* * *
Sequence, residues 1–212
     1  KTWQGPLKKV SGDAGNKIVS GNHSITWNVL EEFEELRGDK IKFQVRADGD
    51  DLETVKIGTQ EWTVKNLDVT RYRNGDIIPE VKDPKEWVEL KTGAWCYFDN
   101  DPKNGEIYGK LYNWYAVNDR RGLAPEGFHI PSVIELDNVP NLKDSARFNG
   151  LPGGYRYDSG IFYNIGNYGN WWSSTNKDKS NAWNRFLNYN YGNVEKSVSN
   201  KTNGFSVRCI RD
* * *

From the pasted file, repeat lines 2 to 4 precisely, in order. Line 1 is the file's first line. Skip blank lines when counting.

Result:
     1  KTWQGPLKKV SGDAGNKIVS GNHSITWNVL EEFEELRGDK IKFQVRADGD
    51  DLETVKIGTQ EWTVKNLDVT RYRNGDIIPE VKDPKEWVEL KTGAWCYFDN
   101  DPKNGEIYGK LYNWYAVNDR RGLAPEGFHI PSVIELDNVP NLKDSARFNG